As for why Dutton still keeps at it, there’s a multitude of reasons. There’s the responsibility of feeding one’s family, of keeping his crew and band members and their families fed and clothed. There’s the responsibility to fans, to show up and give them a performance as good as the records they’ve come to love. There’s also the all-important heady, emotional aspect of doing something you’ve always felt moved to do, fuel to follow the muse.
“Number one, I’ve always had this urge to write songs, record them and play them for people. I don’t know where it came from but that’s how I felt when I wrote my first songs at 15 and recorded them to my cassette deck, just the same way now if I go write a song on a park bench. Me, I love to play music for people, I love to feel the energy of the crowd. It’s quite an addiction. You feel this energy that you can go make people feel inspired, you can go make them happy every night and give them love or lift them up. Or, just give them a good party, it’s very simple,” Dutton said.
It’s also not only about music for Dutton. Just as he can paint rhymes for the summer time with his music, he can lay down visual verses with his art and graffiti. He’s been tagging, drawing, doodling and arting around for as long as he’s been performing; that’s his G. Love and Special tag scribbled on the cover of his debut. His art-on-anything ethos has since evolved to selling hand-painted set lists on canvases and tagging chairs.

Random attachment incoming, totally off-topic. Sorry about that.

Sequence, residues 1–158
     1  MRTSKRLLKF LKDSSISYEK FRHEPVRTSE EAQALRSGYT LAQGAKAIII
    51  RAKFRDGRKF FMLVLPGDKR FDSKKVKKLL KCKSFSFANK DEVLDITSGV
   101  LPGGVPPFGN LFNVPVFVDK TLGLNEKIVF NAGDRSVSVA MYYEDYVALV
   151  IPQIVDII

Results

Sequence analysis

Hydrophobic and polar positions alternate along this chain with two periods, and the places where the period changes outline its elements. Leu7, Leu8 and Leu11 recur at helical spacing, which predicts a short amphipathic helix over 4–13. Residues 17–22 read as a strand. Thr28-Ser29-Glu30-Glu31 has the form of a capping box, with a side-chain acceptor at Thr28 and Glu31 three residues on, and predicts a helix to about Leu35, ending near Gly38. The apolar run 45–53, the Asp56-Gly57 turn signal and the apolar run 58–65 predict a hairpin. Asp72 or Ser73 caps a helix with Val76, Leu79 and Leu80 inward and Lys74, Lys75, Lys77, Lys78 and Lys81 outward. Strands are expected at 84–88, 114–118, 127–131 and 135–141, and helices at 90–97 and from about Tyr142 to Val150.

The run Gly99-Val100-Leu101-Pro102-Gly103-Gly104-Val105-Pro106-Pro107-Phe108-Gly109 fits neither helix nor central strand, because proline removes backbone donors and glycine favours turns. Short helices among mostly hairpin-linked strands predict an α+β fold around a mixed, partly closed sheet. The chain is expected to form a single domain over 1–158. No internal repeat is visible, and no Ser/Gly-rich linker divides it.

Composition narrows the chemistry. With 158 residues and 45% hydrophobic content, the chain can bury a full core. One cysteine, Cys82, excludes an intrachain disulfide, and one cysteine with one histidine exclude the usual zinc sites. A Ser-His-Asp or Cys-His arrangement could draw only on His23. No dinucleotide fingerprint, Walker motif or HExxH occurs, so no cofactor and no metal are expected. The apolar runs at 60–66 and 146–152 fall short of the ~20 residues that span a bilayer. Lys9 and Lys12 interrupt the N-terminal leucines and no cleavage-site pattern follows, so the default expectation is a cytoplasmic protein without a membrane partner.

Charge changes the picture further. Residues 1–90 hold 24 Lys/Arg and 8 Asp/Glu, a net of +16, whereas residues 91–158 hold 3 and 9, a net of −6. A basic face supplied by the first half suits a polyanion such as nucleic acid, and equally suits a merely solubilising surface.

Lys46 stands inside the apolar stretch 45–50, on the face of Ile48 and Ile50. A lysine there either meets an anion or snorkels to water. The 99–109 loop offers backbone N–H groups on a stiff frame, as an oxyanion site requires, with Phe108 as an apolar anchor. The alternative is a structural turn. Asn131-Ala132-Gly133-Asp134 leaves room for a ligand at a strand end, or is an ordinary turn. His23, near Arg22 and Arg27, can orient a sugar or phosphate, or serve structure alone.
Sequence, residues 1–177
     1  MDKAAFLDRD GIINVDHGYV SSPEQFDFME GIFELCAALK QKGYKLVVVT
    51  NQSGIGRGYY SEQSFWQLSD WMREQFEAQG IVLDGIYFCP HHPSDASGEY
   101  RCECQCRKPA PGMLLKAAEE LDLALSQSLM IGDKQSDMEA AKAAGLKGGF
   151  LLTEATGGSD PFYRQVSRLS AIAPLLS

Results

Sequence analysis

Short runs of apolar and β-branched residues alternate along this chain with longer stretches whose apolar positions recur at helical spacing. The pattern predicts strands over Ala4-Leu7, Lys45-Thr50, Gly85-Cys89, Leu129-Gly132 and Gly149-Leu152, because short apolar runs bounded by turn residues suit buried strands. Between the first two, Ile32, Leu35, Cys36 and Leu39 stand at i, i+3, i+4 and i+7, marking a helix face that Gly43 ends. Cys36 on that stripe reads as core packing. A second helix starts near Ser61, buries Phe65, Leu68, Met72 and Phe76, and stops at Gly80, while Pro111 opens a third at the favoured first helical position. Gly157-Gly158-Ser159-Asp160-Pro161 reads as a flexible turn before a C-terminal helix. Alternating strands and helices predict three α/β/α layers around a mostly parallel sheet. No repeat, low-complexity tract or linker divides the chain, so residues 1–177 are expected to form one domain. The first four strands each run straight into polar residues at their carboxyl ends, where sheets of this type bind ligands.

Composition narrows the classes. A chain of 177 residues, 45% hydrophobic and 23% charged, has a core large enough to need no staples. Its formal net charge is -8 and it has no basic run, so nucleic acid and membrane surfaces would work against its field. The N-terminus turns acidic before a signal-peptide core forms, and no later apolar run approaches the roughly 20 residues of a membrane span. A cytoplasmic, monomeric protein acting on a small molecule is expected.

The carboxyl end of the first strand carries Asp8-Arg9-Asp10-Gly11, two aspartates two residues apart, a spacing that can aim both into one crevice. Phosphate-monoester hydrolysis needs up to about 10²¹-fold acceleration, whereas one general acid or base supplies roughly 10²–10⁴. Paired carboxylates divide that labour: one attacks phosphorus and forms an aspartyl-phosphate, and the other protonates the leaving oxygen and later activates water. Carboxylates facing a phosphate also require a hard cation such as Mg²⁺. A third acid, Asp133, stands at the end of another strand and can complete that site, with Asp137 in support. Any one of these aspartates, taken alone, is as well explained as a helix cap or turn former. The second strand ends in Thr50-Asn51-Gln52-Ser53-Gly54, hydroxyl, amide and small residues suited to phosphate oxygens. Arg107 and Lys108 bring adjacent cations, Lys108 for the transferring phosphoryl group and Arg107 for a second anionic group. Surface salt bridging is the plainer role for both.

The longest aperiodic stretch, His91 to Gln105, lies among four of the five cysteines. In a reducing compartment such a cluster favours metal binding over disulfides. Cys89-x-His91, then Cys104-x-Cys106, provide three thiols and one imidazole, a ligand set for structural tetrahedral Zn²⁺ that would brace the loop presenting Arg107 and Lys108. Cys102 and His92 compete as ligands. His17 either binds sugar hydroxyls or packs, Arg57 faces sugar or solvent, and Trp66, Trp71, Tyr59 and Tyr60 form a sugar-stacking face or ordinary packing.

“It’s been really cool, people are excited to get them. The next thing I started to do was a chair. I sit in a chair for a good amount of time at my show, there’s always a chair on stage. So the next thing I started doing was painting these chairs, I call them blues chairs. Same thing, let me start selling these chairs. I’d go get a chair at a thrift store, paint them up and sell them up onstage. Then I’d go to a thrift store and start getting chairs and then see a shitty little canvases with a painting on it and think, ‘I can just paint over it and do my thing.’
“So I did that and, again, people liked them and ordered them. Now it’s a thing. Now, if I have a day off I’ll go to a thrift store and grab 15 or so canvases and spend the day painting these paintings. I do it because I love to do it, just graffiti on a canvas,” Dutton said.
If there was one thing I learned about Dutton during our conversation, it was that he seemed like a genuine, down-to-earth guy who values human connection and spreading the love. I mean, he has an album called “Love Saves The Day,” But even so, where some people might insulate themselves from fans and other musicians, Dutton seems intent on bringing as many people into his circle as possible. At the very least, he’s lending a hand where he can. Not too much else you need to know about a person.
“I always put the money I made from selling paintings aside so I can support the other artists that I like and their art. I’m into cultivating talent. So if I can help an up-and-coming singer buying their work with money that I made playing or selling my own artwork, that feels pretty good to me. It’s always been my mission to inspire people by playing music or making music, even when they thought they couldn’t.
“There’s a guy named Jack Johnson. He wasn’t trying to be one of the world’s biggest rock stars, but I saw something and helped him bring it out. There’s a lot of people like that, Slightly Stoopid, The Expendables, Jasper, where I saw something in them and told them, ‘hey, you’re great.’ I’m all about that,” Dutton said.
– Garrett Bethmann